Search Results

Author: Annisa R. Beta

an article on young Muslim women as daʾwa activists: ‘Creative and Lucrative Daʾwa : The Visual Culture of Instagram amongst Female Muslim Youth in Indonesia’, published by Eva F. Nisa (2018) in this journal. Nisa describes the emergence of Instagram accounts administered by young Muslim women who

In: Asiascape: Digital Asia
Author: Eva F. Nisa

. Daʿwa and the World of Youth The most common use of the term daʿwa relates to preaching delivered by Muslim scholars. Daʿwa activists in various Islamic movements in Indonesia, especially Muslim youth, currently use the term in a broader sense (see e.g. Arnez & Nisa 2016: 453; Meuleman 2011: 236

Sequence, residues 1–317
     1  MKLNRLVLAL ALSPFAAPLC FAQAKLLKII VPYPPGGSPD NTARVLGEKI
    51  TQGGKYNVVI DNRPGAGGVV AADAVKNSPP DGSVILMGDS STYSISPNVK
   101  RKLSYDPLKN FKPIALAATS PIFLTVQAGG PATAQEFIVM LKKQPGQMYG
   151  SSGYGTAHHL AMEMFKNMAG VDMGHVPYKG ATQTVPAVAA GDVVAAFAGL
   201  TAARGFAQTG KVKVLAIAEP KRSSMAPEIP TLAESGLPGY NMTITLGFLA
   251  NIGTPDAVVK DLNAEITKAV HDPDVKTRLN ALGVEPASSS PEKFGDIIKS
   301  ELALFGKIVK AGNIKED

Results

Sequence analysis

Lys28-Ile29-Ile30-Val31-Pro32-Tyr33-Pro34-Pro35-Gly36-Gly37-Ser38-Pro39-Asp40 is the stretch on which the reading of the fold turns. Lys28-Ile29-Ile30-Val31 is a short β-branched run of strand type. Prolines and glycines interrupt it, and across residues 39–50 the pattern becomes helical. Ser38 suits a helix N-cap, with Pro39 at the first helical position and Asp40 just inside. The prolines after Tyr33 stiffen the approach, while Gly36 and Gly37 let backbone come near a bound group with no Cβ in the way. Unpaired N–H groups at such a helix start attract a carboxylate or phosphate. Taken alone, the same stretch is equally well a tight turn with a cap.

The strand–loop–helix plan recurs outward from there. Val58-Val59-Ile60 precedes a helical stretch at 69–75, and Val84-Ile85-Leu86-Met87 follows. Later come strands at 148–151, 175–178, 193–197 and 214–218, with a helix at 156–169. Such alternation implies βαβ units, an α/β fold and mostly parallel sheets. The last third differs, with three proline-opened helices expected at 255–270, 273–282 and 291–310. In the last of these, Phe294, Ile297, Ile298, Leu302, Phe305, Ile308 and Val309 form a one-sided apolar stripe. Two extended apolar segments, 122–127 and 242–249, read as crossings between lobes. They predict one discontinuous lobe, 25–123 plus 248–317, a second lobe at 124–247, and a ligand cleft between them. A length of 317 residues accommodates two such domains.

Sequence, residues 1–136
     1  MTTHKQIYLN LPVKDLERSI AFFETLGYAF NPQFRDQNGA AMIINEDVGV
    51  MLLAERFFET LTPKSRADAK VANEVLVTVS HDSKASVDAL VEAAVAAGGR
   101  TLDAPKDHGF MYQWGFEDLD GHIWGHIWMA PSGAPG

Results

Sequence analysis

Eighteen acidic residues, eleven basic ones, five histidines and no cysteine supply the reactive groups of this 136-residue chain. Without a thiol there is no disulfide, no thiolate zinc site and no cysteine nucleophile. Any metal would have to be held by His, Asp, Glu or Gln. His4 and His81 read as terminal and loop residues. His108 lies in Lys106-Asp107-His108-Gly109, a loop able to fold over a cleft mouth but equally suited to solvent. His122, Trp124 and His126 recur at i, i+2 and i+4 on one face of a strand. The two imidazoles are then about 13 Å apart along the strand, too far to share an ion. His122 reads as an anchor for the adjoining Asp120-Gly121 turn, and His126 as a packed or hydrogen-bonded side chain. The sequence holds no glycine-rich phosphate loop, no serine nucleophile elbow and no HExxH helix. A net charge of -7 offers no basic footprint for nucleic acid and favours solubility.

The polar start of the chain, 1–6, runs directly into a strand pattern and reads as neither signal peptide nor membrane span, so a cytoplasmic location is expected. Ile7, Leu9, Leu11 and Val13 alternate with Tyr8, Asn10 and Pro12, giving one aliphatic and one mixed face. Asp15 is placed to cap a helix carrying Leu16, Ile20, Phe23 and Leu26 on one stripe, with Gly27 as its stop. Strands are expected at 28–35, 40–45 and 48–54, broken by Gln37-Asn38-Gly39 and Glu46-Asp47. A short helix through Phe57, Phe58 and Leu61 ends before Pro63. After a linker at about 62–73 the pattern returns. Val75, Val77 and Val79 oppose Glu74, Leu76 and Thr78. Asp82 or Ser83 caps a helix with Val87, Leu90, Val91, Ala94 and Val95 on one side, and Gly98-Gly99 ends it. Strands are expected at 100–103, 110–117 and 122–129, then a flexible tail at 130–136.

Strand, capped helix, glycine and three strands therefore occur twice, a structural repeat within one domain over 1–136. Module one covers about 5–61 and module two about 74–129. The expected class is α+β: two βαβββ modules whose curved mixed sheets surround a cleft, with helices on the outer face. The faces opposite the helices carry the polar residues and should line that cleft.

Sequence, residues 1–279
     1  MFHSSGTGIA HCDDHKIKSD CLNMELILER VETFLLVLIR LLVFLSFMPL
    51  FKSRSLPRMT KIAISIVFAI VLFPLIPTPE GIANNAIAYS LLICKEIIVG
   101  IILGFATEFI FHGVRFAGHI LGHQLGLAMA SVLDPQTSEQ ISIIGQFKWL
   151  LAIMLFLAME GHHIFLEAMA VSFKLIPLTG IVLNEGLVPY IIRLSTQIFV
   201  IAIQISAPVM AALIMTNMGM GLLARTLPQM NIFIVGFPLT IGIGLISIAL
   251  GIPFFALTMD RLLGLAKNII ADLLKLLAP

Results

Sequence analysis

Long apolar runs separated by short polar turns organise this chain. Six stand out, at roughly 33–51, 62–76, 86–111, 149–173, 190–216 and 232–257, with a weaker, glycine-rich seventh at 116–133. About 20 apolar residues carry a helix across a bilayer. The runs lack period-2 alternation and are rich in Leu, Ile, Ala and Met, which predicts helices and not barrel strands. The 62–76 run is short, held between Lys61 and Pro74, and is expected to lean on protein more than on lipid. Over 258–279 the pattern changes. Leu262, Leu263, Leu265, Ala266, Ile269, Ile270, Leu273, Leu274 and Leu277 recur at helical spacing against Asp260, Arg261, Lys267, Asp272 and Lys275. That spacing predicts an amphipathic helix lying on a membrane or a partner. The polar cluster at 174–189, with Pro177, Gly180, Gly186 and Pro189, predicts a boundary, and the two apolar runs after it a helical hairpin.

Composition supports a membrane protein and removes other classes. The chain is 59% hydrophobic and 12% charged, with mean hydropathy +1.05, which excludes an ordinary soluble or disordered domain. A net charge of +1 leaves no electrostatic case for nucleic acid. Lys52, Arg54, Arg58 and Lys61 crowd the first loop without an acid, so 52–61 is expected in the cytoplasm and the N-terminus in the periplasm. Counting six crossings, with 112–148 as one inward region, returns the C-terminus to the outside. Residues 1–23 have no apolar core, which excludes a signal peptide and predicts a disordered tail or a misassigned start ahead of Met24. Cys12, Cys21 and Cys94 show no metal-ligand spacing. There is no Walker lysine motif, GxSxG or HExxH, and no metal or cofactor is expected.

In: Asiascape: Digital Asia
Author: Anne K. Bang

, 2 vols., [2nd ed.], pp. 485–498. This Abū al-Ḥasan is also known as Abū al-Ḥasan al-Kabīr, not to be confused with Abū al-Ḥasan b. Aḥmad Ǧamāl al-Layl (1888–1959) who was a poet and “ daʿwa activist” born in Madagascar and whose carreer was spent in Zanzibar. See A.K. Bang, Sufi Networks . 9

In: Journal of Islamic Manuscripts

) has greatly changed the public face of Indonesian Islam now that it is mediated through YouTube videos, tweets, or, in this case, highly designed Instagram posts. She writes that this has transformed daʿwa activists, many of whom are young Muslim women who are increasingly organized into social

In: Asiascape: Digital Asia